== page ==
On the Oct. 3, 2015, the Edmonton Oilers placed Nikita Nikitin on waivers for the purpose of assigning him to the American Hockey League. The following day, Nikitin, after becoming available to all 30 NHL teams, had gone unclaimed, and has since been assigned to the Bakersfield Condors of the AHL.
The move, although not entirely surprising, furthers a major paradigm shift occurring within the Oilers roster, a shift characterized largely by the departure of existing Oilers players acquired by the former Oiler management group, led primarily by Craig MacTavish and Kevin Lowe.
As a result, Nikitin is simply the newest casualty of both the new and improved Oilers management group, as well as increasingly young, developing defensive talent.
However, the original decision to acquire Niktin can surely be seen as nothing less than what it truly was, a gamble.
With a once proud and successful franchise floundering, Oilers management in the summer of 2014 remained in a rush not only to improve their roster, but also to return to the playoffs, and as a result continued to overlook the importance of asset development. As such, gaping holes, especially on the blue line, were hurriedly filled with players of inconsistent abilities and skill, a select number of which had never truly illustrated value on NHL ice.
One of such moves was the addition of Nikitin, who was acquired in exchange for a fifth round pick and was subsequently signed to a massive, two-year, $9 million contract extension in hopes of improving a perpetually poor Oilers blue line.
In his previous contract with the Columbus Blue Jackets, Nikitin was signed to a two-year contract worth $4.3 million, with a more realistic cap hit of $2.1 million. However, somewhere in between his 104 games, 24 points, and 48.2 percent Corsi For Percentage (CF%) with the Blue Jackets, Nikitin had somehow earned a $2.35 million annual pay raise with the Oilers.
In relation to NHL defenders of similar cap hits, Niktin’s $4.5 million rate in 2014-15 was greater than the likes of, to name a select few of many, Kevin Shattenkirk, Mark Giordano, Cam Fowler, Marc-Edouard Vlasic, Roman Josi and Victor Hedman.
Given his substantially improved cap hit, the Nikitin signing was expected to bring composure and consistency to the Oilers blue line. However, the Oilers instead received much, much less than they anticipated.
In his first, and quite possibly his last season in Edmonton, Nikitin laid a dud, playing in a mere 42 games due to injuries, while recording four goals and 10 points. In those games, Nikitin’s CF% remained similar to his career average, finishing the season at 48.8 percent. However, Nikitin’s Opponent Corsi For per 60 Minutes (OppCF60), was much higher, at 54 percent, indicating Nikitin allowed more shot attempts per game against than for while on the ice.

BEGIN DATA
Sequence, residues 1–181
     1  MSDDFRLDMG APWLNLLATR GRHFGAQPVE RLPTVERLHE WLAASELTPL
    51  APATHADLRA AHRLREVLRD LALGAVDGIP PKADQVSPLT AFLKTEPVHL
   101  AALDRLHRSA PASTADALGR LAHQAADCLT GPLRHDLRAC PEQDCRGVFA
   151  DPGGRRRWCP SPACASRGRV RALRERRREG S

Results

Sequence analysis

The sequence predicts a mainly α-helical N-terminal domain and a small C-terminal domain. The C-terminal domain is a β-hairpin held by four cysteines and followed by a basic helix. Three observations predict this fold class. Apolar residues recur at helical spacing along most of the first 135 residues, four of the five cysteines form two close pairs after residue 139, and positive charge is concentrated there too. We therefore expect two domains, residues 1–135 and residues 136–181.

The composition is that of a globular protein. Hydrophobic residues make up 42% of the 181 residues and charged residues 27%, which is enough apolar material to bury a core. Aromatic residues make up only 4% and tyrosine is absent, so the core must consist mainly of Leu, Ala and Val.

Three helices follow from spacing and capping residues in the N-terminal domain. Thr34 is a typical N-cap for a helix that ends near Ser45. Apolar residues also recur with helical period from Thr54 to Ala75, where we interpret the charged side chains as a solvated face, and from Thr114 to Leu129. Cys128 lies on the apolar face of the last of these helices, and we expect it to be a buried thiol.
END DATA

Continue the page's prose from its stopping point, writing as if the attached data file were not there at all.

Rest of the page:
A Definitive Decision
Realistically, it should come as no surprise that the Oilers chose to place Nikitin on waivers. As we have seen, not only was Nikitin overpaid by then Oilers management from the outset considering his on-ice abilities, but his place on the Oilers roster had become increasingly infringed upon by a rising number of younger, generally more talented defenders.
— Bakersfield Condors (@Condors) October 4, 2015
In demoting Nikitin, the Oilers made a definitive and concise decision, as they will not only be able to provide one of their younger defensive prospects, most likely Brandon Davidson, an opportunity to establish himself at the NHL level, but they will also be able to bury a percentage of Nikitin’s cap hit in the AHL, providing the Oilers with greater flexibility within their NHL roster.
The Oilers’ decision to trade for and re-sign Nikitin to a contract extension was simply a gamble which, unfortunately for the Oilers, failed to pay off. In attempting to rush their rebuild, Oilers management in 2014 made a rash decision which, unknowingly, would negatively impact the team in the present day.
At the time, it would have been strictly impossible to have predicted this outcome. However, by conducting a brief analysis of Nikitin’s on-ice capabilities and NHL playing history, it is in reality quite clear that Nikitin was never truly worthy of the lucrative NHL deal the Oilers offered him little over a year ago.
As a result, Nikitin has become one of the Oilers’ most recent gambles which failed to pay off, a gamble which was in reality a necessary, yet uncalculated risk in hopes of fast-tracking an early return to the Stanley Cup playoffs for the “City of Champions.”
Brett Slawson is a four-year veteran of The Hockey Writers who covers the Toronto Maple Leafs, NHL prospects, and the OHL’s Mississauga Steelheads.
Contact Brett on Twitter @brettslawson92, or by email at firstname.lastname@example.org.